Imagining a day in the garden
There is no more cheering sight in springtime than the racks filled with packets of garden seeds that appear in shops. The seedsmen know the value of colour and the seed packets are a bright display amongst much that is mundane in hardware shops. Vegetable pictures are as attractive as those of flowers. Packets for artichokes are as striking as those for azaleas, those for zucchini as pleasing as the packets for zinnia.
When I was a child, the seed packets represented happy times. Dad would plant the back garden with various vegetable seeds. Rows were planned using baler twine tied between two sticks. The drill was dug along the line of the twine and the seeds were sown. Rows would be marked with sticks pushed into the ground at either end. The empty seed packet would be pushed down onto one of the sticks as a reminder what plants had been sown in each row. The colour of the packets would fade in rain and sunshine and the weather would eventually carry them away, but they would endure long enough for the seeds to become established and for the plants that were growing to become recognizable.
After an afternoon in the garden, there always seemed to be a delightful moment of standing back and looking at the day’s work, marked, as it was, by the brightness of the seed packets.
Since those days, gardening has seemed an attractive pastime, in theory. Living in a flat in west Dublin means there is no need to test the theory. Perhaps the two summers spent cutting iris rhizomes at Kelway’s Nurseries in Langport were sufficient to put me off of gardening; perhaps I have an innate aversion to anything demanding regular effort.
Theoretical gardening reached its height in the closing weeks of 1998. Preparing to move to Dublin at the beginning of 1999, I decided I was going to revive the neglected vegetable patch at the back of the house in Dublin. I bought books on vegetable gardening and pored over them (as I did with the book of elementary Irish that I had bought my children).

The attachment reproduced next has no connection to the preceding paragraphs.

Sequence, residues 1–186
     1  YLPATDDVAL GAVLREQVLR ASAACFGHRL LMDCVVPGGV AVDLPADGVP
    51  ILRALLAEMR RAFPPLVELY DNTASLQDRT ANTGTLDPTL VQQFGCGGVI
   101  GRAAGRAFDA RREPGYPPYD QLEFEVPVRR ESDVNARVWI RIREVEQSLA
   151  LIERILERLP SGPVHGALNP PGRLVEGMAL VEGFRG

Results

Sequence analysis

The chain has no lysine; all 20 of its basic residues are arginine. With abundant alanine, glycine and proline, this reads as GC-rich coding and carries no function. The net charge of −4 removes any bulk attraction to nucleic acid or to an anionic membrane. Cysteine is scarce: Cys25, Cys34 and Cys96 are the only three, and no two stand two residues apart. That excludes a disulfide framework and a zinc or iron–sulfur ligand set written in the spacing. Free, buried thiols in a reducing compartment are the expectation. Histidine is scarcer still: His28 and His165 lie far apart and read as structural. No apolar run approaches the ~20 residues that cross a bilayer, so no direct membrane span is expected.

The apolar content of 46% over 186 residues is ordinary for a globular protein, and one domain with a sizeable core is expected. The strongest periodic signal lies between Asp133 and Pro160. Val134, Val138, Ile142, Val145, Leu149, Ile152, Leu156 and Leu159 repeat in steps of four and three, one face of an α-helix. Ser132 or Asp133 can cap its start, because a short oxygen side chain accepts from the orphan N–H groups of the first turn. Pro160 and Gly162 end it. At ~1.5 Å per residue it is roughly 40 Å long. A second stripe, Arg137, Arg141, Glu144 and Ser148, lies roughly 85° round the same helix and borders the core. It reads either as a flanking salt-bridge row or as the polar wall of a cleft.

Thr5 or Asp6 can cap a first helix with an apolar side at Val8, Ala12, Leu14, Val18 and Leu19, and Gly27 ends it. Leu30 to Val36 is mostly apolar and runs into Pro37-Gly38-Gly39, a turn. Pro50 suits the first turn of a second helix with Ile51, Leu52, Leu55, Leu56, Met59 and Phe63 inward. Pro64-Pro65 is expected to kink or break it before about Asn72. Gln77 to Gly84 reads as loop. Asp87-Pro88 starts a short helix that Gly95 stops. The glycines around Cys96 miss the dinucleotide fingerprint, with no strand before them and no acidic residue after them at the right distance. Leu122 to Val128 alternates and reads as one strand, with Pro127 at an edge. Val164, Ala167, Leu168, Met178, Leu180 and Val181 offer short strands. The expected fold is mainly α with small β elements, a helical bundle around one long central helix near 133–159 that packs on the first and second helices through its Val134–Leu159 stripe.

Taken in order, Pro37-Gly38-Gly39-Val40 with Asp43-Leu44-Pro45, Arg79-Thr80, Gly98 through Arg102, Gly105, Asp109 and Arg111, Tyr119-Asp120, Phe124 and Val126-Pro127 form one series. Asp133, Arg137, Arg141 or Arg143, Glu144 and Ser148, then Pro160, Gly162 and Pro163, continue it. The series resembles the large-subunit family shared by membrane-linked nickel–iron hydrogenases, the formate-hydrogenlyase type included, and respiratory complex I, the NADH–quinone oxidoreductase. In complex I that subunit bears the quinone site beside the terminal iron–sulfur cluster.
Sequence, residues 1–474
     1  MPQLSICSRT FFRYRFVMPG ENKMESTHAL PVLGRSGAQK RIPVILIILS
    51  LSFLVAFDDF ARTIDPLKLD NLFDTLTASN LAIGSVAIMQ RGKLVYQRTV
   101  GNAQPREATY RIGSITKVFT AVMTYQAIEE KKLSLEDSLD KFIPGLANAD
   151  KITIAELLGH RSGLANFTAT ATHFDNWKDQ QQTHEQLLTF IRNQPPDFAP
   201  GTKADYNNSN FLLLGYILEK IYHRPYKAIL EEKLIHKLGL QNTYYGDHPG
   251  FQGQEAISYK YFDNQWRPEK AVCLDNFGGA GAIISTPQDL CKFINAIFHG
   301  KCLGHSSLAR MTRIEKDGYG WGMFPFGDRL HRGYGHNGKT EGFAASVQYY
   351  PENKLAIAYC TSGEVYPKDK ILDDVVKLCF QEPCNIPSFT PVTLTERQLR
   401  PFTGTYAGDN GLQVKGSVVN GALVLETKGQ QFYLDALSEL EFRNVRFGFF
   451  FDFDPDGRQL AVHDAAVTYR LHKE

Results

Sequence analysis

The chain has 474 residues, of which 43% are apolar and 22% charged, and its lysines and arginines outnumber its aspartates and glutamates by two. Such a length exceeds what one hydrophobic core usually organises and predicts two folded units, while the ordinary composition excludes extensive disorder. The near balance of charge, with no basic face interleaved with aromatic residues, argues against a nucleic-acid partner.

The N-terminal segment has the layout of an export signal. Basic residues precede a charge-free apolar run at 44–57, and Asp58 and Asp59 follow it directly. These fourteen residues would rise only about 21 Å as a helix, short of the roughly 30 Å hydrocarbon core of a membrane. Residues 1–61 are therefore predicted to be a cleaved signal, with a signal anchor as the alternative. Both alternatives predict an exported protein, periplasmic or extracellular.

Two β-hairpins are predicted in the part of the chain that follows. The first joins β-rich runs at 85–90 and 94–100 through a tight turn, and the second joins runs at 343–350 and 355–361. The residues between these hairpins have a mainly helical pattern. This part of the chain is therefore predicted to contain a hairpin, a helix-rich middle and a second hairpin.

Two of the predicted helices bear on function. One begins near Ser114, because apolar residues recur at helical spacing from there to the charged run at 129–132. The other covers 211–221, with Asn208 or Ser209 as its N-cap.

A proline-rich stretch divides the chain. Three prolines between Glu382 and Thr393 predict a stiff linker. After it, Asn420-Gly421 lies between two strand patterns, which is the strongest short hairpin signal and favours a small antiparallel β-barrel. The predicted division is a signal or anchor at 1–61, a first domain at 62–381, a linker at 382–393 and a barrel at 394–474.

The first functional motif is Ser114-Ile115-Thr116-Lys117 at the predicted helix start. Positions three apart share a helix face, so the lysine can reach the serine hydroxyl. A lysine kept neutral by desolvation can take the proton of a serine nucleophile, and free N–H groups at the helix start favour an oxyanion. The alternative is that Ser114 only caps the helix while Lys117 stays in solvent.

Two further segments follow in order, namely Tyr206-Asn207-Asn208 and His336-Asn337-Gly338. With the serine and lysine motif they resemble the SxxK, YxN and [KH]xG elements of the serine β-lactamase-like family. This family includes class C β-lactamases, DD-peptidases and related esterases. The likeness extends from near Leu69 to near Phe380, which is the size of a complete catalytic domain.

The attempts at the practical growing of vegetables lasted slightly longer than the attempts at getting my tongue around basic words in Irish, maybe a couple of springs, but neither lasted very long. With the building of a new rectory in 2006, the ground of the vegetable patch disappeared, so there was no feeling that the enterprise should ever be attempted again.
It is almost twenty years since I attempted practical gardening, it is a much easier activity when approached theoretically.
For the Tidy Towns in Clonmel last year I photographed an allotment off the by-pass. They had magnificent plants but were of an age a generation or even two above me.
Connecting with the time when veg growing was a reasonable budgeting exercise, something it hasn’t been since about 1972.
For myself, the last efforts in veg growing was 15 tomato plants that provided a gigantic glut at the end of the season. So much so I bought vinegar and oil to preserve them. Ended up with about 40 jars that sat on shelves for another 5 years, with nary an attempt to open one. All in all, and to put an economic metric over the endeavour, between the plants, the canes, the string, the feed, the making for a homemade green house, the jars, the vinegar, the oil and the time, I could’ve bought all my needs from Aldi wrapped them in real gold leaf and sparkly diamonds and still not have a match.
I take cover in vaguely economic arguments about economies working best when people do what they are best at!
Hmm, and my worry is we go back to the times when an Allotment makes economic sense for the poor, rather than a eccentricity for the well heeled.